BACKGROUND: Image-guided elastoplasty is an innovative method for percutaneous vertebral augmentation with a silicone elastomeric material. Our aim was to evaluate its technical success, safety and efficacy as well as the rate of secondary fractures.
METHODS: Nineteen patients (13 women and 6 men, age 72 ± 10 years, mean ± standard deviation) underwent elastoplasty between 2010 and 2016. A total of 33 vertebrae were treated. A total of 2-6 mL of silicone-based elastomeric polymer material (VK100) was used. Visual analogue scale (VAS) and Oswestry disability index (ODI) pain scores were used.
RESULTS: In all cases, it was possible to complete the procedure (technical success 100%). No major complications occurred. In 6/19 (31.5%) patients, asymptomatic leakage of the material was observed during the procedure. Full pain recovery was obtained in 18/19 (94%) patients. One patient with a painful angioma did not experience any change in symptoms. VAS and ODI were significantly reduced after the procedure, from 7.9 ± 1.1 to 0.7 ± 1.4 and from 79.6 ± 12% to 9.9 ± 14% respectively (p < 0.001 for both comparisons). After vertebroplasty, 14 of 15 patients (93%) removed the brace and 16/19 (84%) completely stopped using any drugs for pain relief (p < 0.001 for both pre-procedure versus post-procedure comparisons). At a mean follow-up time of 26.5 ± 28.1 months (median 8.7 months, range 6-69 months), no secondary fracture occurred.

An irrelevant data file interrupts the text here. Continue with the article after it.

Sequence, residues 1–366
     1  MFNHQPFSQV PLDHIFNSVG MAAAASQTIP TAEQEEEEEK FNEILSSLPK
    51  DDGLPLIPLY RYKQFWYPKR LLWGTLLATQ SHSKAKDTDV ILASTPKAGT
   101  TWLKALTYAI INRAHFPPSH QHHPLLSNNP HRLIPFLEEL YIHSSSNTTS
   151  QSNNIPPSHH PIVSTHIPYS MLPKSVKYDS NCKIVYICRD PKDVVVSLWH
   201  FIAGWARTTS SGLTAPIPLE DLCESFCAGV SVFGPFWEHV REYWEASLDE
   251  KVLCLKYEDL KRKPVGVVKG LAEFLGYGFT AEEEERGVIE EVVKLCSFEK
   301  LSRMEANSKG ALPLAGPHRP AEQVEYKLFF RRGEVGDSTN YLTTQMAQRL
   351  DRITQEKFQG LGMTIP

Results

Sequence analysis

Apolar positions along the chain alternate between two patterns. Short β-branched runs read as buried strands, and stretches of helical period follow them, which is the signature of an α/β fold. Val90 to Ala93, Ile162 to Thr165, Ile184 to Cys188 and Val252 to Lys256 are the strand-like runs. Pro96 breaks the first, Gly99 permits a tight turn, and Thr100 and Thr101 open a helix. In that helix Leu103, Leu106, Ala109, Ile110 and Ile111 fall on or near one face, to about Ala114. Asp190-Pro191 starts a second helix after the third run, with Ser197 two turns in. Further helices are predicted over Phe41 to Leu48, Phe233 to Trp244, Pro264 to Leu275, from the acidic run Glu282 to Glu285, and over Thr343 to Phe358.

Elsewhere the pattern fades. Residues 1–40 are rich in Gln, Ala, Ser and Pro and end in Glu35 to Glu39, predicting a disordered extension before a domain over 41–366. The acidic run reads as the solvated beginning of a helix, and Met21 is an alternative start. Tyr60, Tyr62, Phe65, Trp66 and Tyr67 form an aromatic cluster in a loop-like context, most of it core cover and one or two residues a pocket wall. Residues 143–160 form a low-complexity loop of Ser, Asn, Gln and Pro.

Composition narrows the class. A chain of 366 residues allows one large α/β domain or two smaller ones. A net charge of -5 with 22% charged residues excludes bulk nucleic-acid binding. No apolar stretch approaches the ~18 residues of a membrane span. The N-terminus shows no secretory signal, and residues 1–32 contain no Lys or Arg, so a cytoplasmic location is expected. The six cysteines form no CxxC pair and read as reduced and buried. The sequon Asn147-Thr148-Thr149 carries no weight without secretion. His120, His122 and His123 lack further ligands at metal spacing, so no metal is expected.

CONCLUSION: Taking into consideration the relatively small sample size, image-guided elastoplasty seems to be a safe procedure providing effective pain control over time.